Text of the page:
Faculty Featured in Lecture Series

By Jack Hunt

Elm Staff Writer

The John S. Toll Math and Science Fellows are sponsoring a series of presentations by professors of science and mathematics. Each week, at 3:30 on Friday, three professors present different facets of their research to students and faculty. Nov. 21 is the last day for the research lectures, which have been running since Oct. 31.

Dr. Van Meter.byAnastasiaLaurenzo
Van Meter

Dr. Tia Murphy, assistant professor of psychology said, “The purpose of the talks is to tell the students about some of the important and interesting work faculty are doing right here at Washington College and to also get students interested in conducting research.”

On Friday, Nov. 14, Dr. Martin Connaughton, associate professor of biology, Dr. James Lipchock, assistant professor of chemistry, and Dr. Robin Van Meter, assistant professor of biology and environmental science and studies, presented their research to a group composed mostly of students majoring in the sciences.

Dr. Connaughton’s research is focused in a field called ecotoxicology, which has to do with the effects manufactured chemicals have on the environment. Specifically, he studies the effects of the antidepressant Fluoxetine, also known as Prozac, using tiny zebra fish as test subjects. “I started out in bioacoustics, but after 10 long years of working with big, stinky fish, I decided that was enough,” said Connaughton.


He is concerned with the level of Fluoxetine that is entering waterways from sewage systems. After the body releases the chemicals contained in the drug there is no means of extracting it from the water that is used to flush it into the sewage pipes so it becomes part of the waterways it enters. Dr. Connaughton compared it to a more familiar substance. “You guys have heard of mercury, right? It’s like ugly luggage; you can’t seem to get rid of it.”

Dr. Lipchock spoke about his research in an interdisciplinary field called biophysical chemistry.  His work focuses on a process called phosphorylation, which in a broader context has to do with the ability of the body to intake sugar. Applied to medicine, his findings could help with the treatment of diabetes, but his attention is focused on the chemicals involved in the process and not the functions of the body. Dr. Lipchock said that one reason it fascinates him is because “you can have a protein, which is hundreds of thousands of amino acids, and add four more and dramatically change it.”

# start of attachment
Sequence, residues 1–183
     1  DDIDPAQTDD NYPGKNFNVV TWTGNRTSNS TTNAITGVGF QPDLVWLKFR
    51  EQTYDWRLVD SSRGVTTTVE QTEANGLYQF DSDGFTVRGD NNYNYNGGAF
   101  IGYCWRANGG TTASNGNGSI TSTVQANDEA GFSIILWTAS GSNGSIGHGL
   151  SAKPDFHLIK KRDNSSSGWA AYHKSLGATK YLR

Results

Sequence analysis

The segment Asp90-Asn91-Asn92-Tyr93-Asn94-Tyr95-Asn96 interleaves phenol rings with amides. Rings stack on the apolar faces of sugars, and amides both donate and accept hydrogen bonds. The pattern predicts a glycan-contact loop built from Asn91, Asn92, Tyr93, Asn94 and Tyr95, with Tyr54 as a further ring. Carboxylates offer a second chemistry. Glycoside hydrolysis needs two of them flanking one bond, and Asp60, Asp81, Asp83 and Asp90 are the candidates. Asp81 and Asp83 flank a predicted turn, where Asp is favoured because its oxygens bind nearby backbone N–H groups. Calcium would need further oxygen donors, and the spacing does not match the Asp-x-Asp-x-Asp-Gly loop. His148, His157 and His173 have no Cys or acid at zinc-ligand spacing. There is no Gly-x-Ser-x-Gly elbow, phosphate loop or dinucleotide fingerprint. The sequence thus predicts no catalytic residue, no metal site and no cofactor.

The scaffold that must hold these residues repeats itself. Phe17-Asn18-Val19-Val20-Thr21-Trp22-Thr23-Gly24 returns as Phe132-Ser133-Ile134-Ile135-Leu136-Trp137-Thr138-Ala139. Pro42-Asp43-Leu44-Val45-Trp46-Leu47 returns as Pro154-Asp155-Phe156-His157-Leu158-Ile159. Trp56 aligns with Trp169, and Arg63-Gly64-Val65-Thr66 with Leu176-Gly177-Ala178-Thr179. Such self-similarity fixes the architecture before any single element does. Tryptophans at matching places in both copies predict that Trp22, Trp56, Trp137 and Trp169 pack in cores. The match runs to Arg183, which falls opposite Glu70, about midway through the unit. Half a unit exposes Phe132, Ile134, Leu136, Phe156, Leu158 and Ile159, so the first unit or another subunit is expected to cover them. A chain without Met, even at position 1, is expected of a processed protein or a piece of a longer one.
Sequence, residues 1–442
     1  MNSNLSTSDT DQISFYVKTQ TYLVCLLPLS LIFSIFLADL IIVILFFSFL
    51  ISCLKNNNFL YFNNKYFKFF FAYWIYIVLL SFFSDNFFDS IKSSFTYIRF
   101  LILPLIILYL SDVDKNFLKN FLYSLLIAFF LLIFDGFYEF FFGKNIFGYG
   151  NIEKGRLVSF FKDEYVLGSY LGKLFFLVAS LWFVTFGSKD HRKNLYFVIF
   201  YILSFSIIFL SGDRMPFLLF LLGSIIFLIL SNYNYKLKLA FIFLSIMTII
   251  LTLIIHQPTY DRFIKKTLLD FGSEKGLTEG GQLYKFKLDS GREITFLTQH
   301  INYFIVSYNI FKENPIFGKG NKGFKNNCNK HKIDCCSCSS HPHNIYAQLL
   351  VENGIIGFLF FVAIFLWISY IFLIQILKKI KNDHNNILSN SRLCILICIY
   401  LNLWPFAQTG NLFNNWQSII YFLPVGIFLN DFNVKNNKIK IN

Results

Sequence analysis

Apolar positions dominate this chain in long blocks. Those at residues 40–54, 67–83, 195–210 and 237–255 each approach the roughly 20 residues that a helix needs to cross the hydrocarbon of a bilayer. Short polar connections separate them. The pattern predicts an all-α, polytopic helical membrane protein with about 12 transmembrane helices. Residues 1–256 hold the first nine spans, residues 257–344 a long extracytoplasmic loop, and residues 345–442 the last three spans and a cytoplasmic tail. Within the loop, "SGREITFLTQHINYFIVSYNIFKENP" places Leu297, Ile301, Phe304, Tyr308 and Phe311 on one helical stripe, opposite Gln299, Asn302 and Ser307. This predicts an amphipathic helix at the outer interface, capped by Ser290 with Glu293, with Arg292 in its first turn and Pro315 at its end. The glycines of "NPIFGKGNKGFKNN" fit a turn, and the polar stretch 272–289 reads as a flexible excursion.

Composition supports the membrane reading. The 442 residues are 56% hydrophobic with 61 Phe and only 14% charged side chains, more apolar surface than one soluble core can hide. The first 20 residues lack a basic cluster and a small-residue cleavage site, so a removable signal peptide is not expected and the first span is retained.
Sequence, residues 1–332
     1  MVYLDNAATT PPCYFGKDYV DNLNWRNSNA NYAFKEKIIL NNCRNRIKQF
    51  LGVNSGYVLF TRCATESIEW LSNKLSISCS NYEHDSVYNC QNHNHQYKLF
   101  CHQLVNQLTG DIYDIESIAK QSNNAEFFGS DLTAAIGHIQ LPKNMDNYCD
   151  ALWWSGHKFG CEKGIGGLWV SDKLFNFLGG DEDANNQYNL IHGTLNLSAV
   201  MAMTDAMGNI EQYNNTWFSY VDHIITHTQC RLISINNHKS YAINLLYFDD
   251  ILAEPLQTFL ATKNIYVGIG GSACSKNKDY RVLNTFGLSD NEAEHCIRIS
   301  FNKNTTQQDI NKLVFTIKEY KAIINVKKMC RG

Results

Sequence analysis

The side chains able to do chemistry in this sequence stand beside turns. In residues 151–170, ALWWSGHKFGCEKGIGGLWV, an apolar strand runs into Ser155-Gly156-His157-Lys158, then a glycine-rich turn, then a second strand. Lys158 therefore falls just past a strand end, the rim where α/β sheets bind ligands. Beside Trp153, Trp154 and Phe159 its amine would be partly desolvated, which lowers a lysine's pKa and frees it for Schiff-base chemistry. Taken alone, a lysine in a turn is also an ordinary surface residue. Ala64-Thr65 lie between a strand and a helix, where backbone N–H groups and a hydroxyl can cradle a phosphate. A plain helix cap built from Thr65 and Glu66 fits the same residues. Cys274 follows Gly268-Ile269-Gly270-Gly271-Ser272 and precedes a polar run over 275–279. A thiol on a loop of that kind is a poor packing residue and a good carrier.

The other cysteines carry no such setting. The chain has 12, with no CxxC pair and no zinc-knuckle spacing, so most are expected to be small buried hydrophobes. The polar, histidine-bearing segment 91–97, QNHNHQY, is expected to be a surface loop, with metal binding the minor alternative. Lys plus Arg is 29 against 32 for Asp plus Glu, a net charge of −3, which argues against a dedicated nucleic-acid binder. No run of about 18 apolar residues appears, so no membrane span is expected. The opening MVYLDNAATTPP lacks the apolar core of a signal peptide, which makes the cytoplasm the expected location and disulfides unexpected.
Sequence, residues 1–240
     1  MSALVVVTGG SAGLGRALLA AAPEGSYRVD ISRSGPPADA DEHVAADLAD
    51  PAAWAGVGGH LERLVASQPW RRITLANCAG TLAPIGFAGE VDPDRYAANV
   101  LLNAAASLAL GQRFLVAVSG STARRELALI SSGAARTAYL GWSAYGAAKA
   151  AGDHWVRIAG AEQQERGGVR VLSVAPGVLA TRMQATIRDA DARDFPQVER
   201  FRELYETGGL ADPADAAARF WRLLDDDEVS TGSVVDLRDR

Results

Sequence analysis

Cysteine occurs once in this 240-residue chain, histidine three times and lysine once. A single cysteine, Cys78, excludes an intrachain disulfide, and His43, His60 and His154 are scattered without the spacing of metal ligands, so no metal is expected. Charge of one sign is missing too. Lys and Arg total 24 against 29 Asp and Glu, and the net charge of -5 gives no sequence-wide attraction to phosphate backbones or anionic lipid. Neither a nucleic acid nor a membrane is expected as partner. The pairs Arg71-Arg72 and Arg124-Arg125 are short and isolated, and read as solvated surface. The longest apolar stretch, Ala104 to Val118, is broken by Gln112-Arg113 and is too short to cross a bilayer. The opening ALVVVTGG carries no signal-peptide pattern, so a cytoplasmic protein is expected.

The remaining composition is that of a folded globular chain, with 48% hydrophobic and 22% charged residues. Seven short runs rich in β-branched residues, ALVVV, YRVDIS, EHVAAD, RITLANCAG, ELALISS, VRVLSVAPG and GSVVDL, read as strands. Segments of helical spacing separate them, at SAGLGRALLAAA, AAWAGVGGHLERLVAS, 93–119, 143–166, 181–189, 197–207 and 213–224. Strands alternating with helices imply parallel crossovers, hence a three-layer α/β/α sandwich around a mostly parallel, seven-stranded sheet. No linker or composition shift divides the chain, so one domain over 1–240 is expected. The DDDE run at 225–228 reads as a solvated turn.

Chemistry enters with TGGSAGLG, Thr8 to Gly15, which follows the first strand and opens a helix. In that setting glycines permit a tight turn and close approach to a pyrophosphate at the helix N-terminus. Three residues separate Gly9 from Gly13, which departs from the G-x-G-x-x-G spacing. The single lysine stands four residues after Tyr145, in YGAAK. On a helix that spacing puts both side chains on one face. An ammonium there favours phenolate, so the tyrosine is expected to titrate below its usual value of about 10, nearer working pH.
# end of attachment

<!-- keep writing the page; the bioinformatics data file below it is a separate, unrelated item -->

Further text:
This past summer he took two WC students, senior Kelly Bird and junior Sean Haynie to Yale University to conduct research in the Lorie laboratory. “Kelly was trying to understand how a small molecule inhibits the function of PTP1B, the enzyme that stops sugar from entering a cell, using a technique called NMR spectroscopy,” said Dr. Lipchock. He did not have time to discuss the work done by Sean Haynie, but he said that they “hope to be able to publish this research after some follow-up experiments this summer.”

Dr. Van Meter’s work is related to amphibians and agrochemicals, or the effect of pesticides on amphibians. The animals she studies are “non-target organisms” that suffer the effects of pesticides even though they are not considered pests. “A pest, generally speaking, is an organism that is causing unwanted damage to [property],” said Van Meter.


Her research includes the study of consumer substances like the herbicide Roundup, which contains a compound called glyphosphate that causes deformities in tadpoles. On a small scale the substance would not do much harm to a population of frogs, but farmers use the herbicide in such high quantities that it affects frogs that cross through crop fields as they travel to new bodies of water.

While the lectures are geared toward students of science and mathematics, they are open to the rest of the student body as well.

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